This indescribable thing that all of us horse people understand. To know I’m a part of these peoples’ training, that they trust me and will do the best work they can, all the time, is frankly quite humbling and a big sense of pride for me.
I am so incredibly fortunate for the amazing clients that come in and out of East Hill Farm. They are all as invested as we are, and for me, that’s real teamwork.
My return to East Hill Farm feels predestined. There was still Ruth obviously, Kathie was around and gave me wonderful advice before she ended up retiring, and I got to build a wonderful relationship with Jeannette in and out of the barn. (I call her my other boss:)
But, out of all the experiences I’ve had, places I’ve been, people I’ve met, no one person has impressed me in their training of both horse and human as Ruth has. Her foundation is always solid, and if you ask me, critical to success.
Dressage and it’s foundation is not an assembly line product.
Yes, there is a methodology and certain things need to be in place, but Ruth doesn’t box a person or a horse into a mold.
Instead, she sees them as the individuals they are and is innately able to be creative with their training and bring out the best for success. I’ve seen that in Ruth throughout the years.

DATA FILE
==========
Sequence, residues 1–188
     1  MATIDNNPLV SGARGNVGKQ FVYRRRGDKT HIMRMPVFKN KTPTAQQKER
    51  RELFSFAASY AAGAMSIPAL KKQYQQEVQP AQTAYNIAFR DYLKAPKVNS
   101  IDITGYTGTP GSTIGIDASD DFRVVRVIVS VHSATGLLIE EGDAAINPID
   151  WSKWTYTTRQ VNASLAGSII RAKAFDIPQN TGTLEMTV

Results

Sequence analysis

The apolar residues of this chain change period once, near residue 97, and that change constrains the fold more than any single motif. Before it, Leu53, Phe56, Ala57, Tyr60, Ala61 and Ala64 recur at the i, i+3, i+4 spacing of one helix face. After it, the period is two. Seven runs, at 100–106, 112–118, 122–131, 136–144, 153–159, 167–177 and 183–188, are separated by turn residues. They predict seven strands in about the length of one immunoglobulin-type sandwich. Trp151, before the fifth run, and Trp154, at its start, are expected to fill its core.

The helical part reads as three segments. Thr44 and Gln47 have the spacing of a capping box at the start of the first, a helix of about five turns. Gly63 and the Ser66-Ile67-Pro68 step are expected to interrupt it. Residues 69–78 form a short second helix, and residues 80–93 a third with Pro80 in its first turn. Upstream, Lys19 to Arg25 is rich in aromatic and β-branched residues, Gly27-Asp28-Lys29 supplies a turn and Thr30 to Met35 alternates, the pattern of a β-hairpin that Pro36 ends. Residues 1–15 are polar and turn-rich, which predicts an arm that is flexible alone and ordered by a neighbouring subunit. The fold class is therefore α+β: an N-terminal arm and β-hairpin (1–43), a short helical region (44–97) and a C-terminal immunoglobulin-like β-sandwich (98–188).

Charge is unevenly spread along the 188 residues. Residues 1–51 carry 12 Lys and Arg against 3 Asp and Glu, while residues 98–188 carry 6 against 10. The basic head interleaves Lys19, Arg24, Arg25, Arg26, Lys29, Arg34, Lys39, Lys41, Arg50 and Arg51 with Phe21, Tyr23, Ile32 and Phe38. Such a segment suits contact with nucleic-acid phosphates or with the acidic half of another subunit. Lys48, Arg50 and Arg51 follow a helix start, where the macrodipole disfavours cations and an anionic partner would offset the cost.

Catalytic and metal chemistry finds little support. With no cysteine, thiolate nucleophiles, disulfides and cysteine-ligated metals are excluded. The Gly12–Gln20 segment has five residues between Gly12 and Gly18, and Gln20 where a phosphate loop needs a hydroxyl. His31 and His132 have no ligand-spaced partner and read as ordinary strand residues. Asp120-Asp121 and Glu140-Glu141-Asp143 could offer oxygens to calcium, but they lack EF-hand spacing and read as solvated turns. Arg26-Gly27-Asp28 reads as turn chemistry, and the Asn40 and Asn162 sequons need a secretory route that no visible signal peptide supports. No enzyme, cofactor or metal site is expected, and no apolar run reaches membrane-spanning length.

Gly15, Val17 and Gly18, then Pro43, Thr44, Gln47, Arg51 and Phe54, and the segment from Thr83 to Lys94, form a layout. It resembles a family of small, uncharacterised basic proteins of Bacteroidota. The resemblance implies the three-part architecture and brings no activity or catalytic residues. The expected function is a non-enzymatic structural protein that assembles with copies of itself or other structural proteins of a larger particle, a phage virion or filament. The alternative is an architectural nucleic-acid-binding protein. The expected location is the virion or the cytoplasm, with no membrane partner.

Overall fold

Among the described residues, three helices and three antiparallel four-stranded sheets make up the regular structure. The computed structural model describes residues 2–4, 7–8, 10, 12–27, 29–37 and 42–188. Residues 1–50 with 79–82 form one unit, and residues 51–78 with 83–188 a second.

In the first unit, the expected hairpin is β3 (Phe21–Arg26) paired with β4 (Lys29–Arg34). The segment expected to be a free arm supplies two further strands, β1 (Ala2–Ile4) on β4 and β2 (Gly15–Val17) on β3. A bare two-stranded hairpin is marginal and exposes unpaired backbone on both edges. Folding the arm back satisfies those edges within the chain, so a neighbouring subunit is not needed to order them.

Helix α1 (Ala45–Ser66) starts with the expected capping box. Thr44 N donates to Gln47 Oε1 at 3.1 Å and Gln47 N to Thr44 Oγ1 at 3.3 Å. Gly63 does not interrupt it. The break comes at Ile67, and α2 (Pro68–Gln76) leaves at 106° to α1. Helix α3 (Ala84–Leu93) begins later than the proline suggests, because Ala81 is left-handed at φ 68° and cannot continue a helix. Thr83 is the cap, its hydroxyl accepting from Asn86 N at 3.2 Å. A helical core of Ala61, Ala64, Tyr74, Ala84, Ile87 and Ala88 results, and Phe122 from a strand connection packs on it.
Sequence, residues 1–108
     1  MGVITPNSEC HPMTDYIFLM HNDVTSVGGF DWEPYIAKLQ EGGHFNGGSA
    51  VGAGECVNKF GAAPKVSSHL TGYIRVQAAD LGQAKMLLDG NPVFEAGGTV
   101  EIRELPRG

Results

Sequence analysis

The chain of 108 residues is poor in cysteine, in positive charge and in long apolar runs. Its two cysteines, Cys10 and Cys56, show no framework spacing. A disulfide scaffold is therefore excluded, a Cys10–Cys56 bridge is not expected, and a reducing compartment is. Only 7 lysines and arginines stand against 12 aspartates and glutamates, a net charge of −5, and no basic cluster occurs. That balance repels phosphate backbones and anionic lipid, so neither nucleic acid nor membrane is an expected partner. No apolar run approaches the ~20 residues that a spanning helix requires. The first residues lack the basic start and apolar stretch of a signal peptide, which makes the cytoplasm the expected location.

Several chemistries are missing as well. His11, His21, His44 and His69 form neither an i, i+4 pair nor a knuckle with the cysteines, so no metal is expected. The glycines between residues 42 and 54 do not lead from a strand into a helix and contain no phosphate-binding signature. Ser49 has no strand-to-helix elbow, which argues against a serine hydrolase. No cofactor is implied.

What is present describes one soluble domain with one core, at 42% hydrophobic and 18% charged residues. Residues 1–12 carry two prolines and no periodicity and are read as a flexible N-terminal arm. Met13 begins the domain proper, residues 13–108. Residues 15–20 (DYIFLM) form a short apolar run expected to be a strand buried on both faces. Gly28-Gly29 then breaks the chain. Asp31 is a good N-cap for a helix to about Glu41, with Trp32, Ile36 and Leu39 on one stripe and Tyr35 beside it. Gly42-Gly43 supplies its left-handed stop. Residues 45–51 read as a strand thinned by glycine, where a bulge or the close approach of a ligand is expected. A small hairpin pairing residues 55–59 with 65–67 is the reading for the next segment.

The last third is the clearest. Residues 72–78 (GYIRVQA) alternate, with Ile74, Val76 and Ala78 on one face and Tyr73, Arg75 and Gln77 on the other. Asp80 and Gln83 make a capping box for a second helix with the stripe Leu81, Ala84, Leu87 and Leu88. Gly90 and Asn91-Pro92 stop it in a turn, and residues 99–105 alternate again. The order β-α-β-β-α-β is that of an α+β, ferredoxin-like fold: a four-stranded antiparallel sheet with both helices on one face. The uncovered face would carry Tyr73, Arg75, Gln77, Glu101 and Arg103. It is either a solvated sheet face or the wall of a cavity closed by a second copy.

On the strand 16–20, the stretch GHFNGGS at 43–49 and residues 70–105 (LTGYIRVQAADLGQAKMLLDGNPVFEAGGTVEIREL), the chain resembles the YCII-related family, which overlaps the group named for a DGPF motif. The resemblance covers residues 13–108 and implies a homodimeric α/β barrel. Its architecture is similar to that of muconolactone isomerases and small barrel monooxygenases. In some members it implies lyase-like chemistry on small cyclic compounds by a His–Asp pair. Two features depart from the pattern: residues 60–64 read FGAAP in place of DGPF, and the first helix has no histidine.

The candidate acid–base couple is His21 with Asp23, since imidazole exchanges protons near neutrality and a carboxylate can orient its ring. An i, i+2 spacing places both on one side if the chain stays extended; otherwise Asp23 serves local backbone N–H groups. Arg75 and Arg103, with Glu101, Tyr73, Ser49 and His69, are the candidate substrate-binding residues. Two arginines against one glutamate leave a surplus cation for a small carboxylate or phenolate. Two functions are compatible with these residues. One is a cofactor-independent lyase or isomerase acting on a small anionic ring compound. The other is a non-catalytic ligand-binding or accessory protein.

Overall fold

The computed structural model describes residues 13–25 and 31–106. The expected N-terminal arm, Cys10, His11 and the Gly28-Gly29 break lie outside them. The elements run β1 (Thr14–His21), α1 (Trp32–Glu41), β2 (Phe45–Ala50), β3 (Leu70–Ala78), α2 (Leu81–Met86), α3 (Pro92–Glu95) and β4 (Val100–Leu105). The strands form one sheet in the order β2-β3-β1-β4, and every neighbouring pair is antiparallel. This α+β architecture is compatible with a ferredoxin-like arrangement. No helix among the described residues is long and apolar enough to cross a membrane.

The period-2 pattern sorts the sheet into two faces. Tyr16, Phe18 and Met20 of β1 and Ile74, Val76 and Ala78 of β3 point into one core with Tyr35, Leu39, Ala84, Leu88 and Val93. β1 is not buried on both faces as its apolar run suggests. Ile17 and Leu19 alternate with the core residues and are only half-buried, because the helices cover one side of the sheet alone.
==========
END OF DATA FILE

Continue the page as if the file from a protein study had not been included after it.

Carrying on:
She’s been an absolute model for me in my own instruction and management.
I bring my own personality into my teaching for sure, but Ruth has been a huge influence on not just what I see, but how I’ve matured in all aspects of my career. I’ve been fortunate enough to have her mentors, like Jane [Savoie], see some of my lessons and give such wonderful and positive feedback over the years.
Ruth is Ruth, but I imagine her mentors influenced her professionalism just as she has mine. Ruth has fostered so many excellent equestrians in so many ways. I’d be proud to say one day that she also fostered a colleague.
East Hill has been growing since the day it was established. The stories of the farm and the families attached to it are wonderful and there are many.
I’m a born and raised multigenerational Vermonter who remembers my own family’s farm in the Northeast Kingdom and I wish it were still there instead of a ghost of itself. I remember being small and climbing the old and forgotten loose piles of hay thinking I never wanted to leave the barn. I remember the smell. Long gone cows and horses.
I love it now when the hay delivery comes in and it’s such a mountain I have to climb it with a ladder and start throwing down bales and the scent of shavings gets kicked up in the air.
The way you know every horse’s individual knicker and what it means they want.
Mucking stalls is Zen.
The “aha” smile on your clients face in a lesson.
This is my job.
They say if you do what you love, you’ll never work a day in your life. That’s a nice sentiment, but it’s definitely work!!
I’m just lucky enough that my job, my work, is something I love doing, and I have every intention of being a part of East Hill Farm’s continued growth.
Seems in the end, I didn’t ever actually leave the barn 🙂